proper tool, planer or jointer?

I've got a steady supply of hardwood flooring that I'd like to be able to use for something besides, well... flooring. I'm trying to find out which tool would be more suitable for cutting the backs of the boards down flat. The wood I'll be using will be between 2.25" & 5.25" (predominately 2.25") wide by .75" thick with various lengths - red oak mostly but also white oak, maple & pine . If anybody has an opinion I'd be grateful, and opinions on models would be appreciated as well (space & price are big concerns I'm afraid).
Tia
Adam
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Well, a jointer establishes a flat face, and a planer uses one flat face to establish a second flat face, parallel to the first.
Be sure you get enough machine to handle the volume you expect. Factor in the cost of resharpening/replacing the planer knives. A Google search on planers here on the Wreck will yield the groups' opinions, offered freely and frequently.
Is this material you are expecting prefinished? Removing that finish is really hard on knives, and abrasives. It's meant to last for years under heavy foot traffic. Not all free wood is free, in other words.
Patriarch
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On Fri, 17 Sep 2004 00:42:40 GMT, Adam

smallish pieces are good for smallish projects. boxes come to mind. I think I'd be shopping for a thickness sander or the parts to build one.
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On Fri, 17 Sep 2004 00:42:40 GMT, Adam

A "suitcase" thickness planer. Look for model recommendations, because there are big variations in quality. You might want a chip collector too.
You're feeding it stock that's already pretty flat, so passing it through twice will clean up both surfaces and get it to thickness. You don't need a jointer or surface planer here - you can manage most stock without, unless it's twisted.
Expect heavy knife wear - flooring is hard on them and contains lots of trodden-in grit (and nails !). If you're doing a big batch, run it through first on your "old" blades, then stop and put a new set of blades on.
--
Smert' spamionam

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I'm confused. Could you post a link to an example of a '"suitcase" thickness planer,' and an example of a "surface planer?" Thanks.
As far as I know, all you can plane are surfaces, and that will always change the thickness, normal to the surface planed. Therefore all planers will thickness-plane surfaces.
I can't imagine one folding up like a suitcase.
I'm lost.
-Mike
wrote:

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On 17 Sep 2004 10:46:34 -0700, snipped-for-privacy@gmail.com (Mike Reed) wrote:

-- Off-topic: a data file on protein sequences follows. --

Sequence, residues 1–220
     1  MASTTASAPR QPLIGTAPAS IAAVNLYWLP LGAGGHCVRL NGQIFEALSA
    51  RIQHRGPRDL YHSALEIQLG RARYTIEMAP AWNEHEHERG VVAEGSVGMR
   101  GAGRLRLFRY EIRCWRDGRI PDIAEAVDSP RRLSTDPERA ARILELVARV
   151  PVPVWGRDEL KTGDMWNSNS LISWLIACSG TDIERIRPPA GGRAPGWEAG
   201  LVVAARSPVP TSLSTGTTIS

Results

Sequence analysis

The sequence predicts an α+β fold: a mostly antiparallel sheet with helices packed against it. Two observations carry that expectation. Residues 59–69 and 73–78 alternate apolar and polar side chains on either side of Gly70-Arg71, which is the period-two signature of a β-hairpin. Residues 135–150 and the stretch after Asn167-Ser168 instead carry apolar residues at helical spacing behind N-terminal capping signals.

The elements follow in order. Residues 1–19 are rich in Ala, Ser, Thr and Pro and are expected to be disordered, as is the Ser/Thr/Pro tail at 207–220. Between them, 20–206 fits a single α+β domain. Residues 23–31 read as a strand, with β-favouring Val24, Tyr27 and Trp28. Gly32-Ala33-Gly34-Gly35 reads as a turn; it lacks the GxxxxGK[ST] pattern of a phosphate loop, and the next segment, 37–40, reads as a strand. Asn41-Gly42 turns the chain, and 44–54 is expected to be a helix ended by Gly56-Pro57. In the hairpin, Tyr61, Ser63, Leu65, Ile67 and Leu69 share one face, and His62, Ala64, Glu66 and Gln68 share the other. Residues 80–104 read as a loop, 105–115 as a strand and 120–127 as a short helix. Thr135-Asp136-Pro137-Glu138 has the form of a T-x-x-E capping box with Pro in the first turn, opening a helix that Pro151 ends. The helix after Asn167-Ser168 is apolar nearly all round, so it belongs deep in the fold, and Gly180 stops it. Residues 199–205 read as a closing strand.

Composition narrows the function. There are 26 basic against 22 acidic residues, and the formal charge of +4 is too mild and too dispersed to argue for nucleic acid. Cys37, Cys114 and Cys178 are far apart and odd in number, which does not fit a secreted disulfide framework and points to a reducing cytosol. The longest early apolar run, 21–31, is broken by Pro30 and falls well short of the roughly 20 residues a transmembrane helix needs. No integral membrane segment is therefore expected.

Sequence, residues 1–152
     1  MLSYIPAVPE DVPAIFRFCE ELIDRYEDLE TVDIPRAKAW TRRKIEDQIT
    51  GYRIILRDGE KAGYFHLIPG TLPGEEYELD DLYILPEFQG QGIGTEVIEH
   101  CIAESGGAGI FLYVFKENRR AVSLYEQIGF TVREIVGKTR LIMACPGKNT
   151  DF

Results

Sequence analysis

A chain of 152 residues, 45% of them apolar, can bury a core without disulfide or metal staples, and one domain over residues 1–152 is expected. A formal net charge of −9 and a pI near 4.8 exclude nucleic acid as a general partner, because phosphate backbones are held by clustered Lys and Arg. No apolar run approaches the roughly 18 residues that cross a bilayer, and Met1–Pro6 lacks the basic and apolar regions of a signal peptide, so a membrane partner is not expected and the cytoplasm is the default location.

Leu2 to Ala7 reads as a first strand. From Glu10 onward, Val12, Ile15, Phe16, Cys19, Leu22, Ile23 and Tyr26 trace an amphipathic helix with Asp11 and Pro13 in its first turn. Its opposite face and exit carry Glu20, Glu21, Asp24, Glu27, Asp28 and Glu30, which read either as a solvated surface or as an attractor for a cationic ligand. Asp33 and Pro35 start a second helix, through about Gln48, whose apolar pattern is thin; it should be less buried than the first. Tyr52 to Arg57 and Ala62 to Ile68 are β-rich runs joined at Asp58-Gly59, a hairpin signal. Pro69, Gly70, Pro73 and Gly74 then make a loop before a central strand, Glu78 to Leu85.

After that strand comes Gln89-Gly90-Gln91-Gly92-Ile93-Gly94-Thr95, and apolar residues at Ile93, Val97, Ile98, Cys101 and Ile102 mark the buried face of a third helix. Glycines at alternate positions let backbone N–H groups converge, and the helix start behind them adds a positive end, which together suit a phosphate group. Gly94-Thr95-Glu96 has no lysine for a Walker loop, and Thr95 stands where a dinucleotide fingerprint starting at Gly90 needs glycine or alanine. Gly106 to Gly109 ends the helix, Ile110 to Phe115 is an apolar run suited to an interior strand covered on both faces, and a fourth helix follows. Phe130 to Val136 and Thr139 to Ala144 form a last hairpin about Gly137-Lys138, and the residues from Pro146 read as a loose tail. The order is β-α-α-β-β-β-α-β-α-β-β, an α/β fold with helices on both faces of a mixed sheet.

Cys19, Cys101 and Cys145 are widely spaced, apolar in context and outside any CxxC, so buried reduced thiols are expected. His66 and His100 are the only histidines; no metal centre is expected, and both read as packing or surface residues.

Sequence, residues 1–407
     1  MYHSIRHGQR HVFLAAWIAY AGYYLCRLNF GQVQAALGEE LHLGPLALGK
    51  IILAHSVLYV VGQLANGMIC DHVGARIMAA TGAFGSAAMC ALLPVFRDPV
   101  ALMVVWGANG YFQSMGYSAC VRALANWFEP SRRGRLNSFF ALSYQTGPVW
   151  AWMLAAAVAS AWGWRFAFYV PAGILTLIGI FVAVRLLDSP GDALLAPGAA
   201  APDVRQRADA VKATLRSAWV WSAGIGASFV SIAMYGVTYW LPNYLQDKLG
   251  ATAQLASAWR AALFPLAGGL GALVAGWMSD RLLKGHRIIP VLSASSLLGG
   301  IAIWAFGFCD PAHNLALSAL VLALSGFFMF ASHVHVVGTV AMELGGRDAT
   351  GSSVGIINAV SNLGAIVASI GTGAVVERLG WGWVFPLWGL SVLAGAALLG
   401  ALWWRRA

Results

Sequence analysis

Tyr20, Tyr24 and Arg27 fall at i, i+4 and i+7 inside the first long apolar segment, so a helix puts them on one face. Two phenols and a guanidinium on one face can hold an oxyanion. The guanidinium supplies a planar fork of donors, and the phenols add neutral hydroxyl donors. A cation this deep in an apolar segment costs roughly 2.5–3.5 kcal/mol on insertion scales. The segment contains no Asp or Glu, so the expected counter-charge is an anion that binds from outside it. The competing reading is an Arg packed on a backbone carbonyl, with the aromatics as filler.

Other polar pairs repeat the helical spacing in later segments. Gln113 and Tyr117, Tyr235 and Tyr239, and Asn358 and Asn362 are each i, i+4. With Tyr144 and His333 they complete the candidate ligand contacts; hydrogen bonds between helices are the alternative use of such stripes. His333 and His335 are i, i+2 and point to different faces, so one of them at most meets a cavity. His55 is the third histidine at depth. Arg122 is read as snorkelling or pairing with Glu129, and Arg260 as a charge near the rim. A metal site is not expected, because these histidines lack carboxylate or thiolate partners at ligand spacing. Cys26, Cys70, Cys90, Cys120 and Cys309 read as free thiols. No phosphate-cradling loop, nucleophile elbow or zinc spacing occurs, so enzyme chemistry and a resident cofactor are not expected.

This is a regular trans-Atlantic terminology problem.
Surface planers have a flat table with a cutter in it. They make one surface flat. Turn the wood over and they'll make the other side flat too, but it could quite easily end up wedge-shaped. Their adjustment is for cut depth, and you don't often change this.
Add a fence to a suface planer and you have a jointer.
Thickness planers have a cutter mounted _above_ a flat table. They make things a uniform thickness and remove wedging. If you feed them something that's already approximately flat (relative to the size of their table) then they'll make a flat surface on the other side to match. Their adjustment is for final thickness, and you adjust this on every pass.
In the USA, thickness planers are usually just called "planers".
Cheap thicknessers are called "suitcase" or "lunchbox" thicknessers. They're a plastic casing, with an internal framework of varying quality. The tables are thin metal sheet extensions that fold down from the case. So long as your thicknesser has a "head lock", it ought to do reasonable quality work. The cutters are mounted on a movable head that moves up and down over a fixed table. Motors have brushes (aka "universal" motors) and are noisy.
More substantial thicknessers are cast iron and ride on four steel posts, hence the name "four post thicknesser". Some "four posts" only have two posts. The cutter head is fixed and driven by belts from a large induction motor, so it's much quieter. The table moves instead.
Really big thicknessers go back to moving the cutter head. A _really_ big thicknesser may even have four or five independent heads. It can surface and thickness all four sides in one pass, and then put a shaped moulding onto it.
--
Smert' spamionam

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If you really need to flatten the wood, that's the job of a jointer. A planer does not flatten wood. However, after you have one side flat, the planer is used to get the other side to match at an even thickness. One tool does not do the job of the other. You might choose to have some fun with some hand planes instead.
Bob
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kiln dried. It's all leftover from work - I do wood flooring installation, sanding and finishing (refinishing as well). I wouldn't mind going the hand plane route as Bob suggested but the prospect of tediously getting all the grooves in the bottom of each strip flat doesn't appeal to me. I hope I don't sound lazy but I work a minimum six day week, usually seven so cutting down some of the time consuming parts would be a big bonus.
Once again thank you to all who responded :) Adam
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I don't know if this was mentioned but how about putting the boards through the bandsaw with a re-saw blade first? Then just tough them up with the planer.
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